Fundraising is harder for every group out there, but small, mostly volunteer-led groups face particular challenges — and have come up with unique ways to overcome those challenges. Hear from parents, event planners, and other volunteers who contributed to Ilona Bray’s recent book, The Volunteer’s Guide to Fundraising, in this newly released podcast (from the CD-ROM that comes with the book), “Fundraising in a Down Economy.”
Category Archives: Special Events
Wondering how important it is to come up with a fundraiser for your group that’s new and different? Or how other groups have managed to come up with winning ideas? Check out the podcast “Bringing Creativity to Your Fundraising Efforts,” drawn from Ilona Bray’s recently published book, The Volunteer’s Guide to Fundraising. It includes tips and stories from parents, events planners, and more.
Yesterday was “Mug Root Beer Float” day at the Oakland A’s baseball game, at which families brought lots of kids to enjoy meeting celebrities, watching floats, and of course drinking root beer floats.
Yes, it sounds like it was fun. And according to the press release, the event raised over $29,000 for the Juvenile Diabetes Research Foundation.
But as a friend of mine who went to the game commented, “Isn’t there something a little weird about feeding kids sugar at an event dedicated to dealing with a disease that’s all about the body’s inability to regulate blood sugar?”
Call me a curmudgeon, but I’d say it’s very weird. No one has yet found the cause of diabetes, but doctors are certainly raising alarm bells about sugar consumption and obesity, both of which are rampant in the United States. I give the Juvenile Diabetes Foundation credit for creating a business partnership that got them in the headlines and raised some significant amounts, but what a mixed message to send.
Of course, this isn’t the first time that processed and sugary foods have been drafted into the cause of fundraising. And people are taking notice — and better yet, suggesting creative alternatives. For example, you’ll find some helpful tips on healthy food alternatives in this guide from Canada’s Nova Scotia Department of Education, called “Fundraising with Healthy Food and Beverages.”
As any fundraising special events planner knows, part of the key to making a profit is to create a budget that carefully accounts for all possible expenses, and then to make sure that the likely income from the event will exceed the total expenses by a healthy margin.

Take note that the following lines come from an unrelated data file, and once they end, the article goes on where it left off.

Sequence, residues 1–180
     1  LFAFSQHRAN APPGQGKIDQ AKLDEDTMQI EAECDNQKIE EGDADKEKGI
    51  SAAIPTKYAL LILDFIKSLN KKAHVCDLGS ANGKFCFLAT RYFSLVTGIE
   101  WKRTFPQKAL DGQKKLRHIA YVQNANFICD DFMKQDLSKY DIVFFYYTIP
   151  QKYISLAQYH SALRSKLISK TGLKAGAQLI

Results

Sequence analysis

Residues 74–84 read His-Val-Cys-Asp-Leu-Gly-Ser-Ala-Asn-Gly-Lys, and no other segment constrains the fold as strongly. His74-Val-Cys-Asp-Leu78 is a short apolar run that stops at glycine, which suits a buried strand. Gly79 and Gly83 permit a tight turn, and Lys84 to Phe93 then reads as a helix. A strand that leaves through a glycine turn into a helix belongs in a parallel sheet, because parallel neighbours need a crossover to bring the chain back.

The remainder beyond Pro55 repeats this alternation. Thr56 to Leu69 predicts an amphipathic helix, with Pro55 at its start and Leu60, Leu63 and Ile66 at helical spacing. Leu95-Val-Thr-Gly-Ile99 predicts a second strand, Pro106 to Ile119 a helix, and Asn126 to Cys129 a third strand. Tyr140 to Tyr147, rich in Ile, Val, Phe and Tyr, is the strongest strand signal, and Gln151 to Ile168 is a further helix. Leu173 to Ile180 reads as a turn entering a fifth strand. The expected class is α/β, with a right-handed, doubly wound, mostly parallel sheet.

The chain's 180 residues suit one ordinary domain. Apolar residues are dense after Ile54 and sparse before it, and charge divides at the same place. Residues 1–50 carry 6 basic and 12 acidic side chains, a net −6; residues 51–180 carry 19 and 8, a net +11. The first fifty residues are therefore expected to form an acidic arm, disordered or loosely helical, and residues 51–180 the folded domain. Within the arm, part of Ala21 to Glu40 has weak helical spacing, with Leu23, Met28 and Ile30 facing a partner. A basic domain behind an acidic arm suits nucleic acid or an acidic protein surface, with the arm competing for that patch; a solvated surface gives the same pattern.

But who knew that rubber duck races were getting so popular that you might need to purchase upwards of 40,000 ducks?
That’s right, from Texas to Hawaii, duck adopters are flocking (oops, bad pun) to join the race. You can read about it in the article, “Rubber duckies go with the flow of charity,” by Kristin R. Jackson.
The good news for the people making the budgets is that, according to my online research, two-inch rubber duckies can be had for about 39 cents apiece. So maybe it’s storage space that should be your biggest concern.
The humble school bake sale is dead, according to NPR’s recent story, “Forget Bake Sales: Schools Turn to Luxe Auctions,” by Lauren Silverman. The story describes how (as every parent knows), trying to fill the gaps left by reduced government funding is forcing parents to put in as much effort at special events such as auctions (live or online) as they did for their own weddings.
Even if to you, this is old news, the story is worth a listen for:
- its ideas on the latest items to attract bids (though not every school has access to an unwashed Lance Armstrong T-shirt, I assume) and
- the professional auctioneer demonstrating how she slows down her normally rapid-fire patter when dealing with a benefit auction audience (who isn’t used to live auctions).
Whichever of your volunteers can line this one up probably deserves a prize.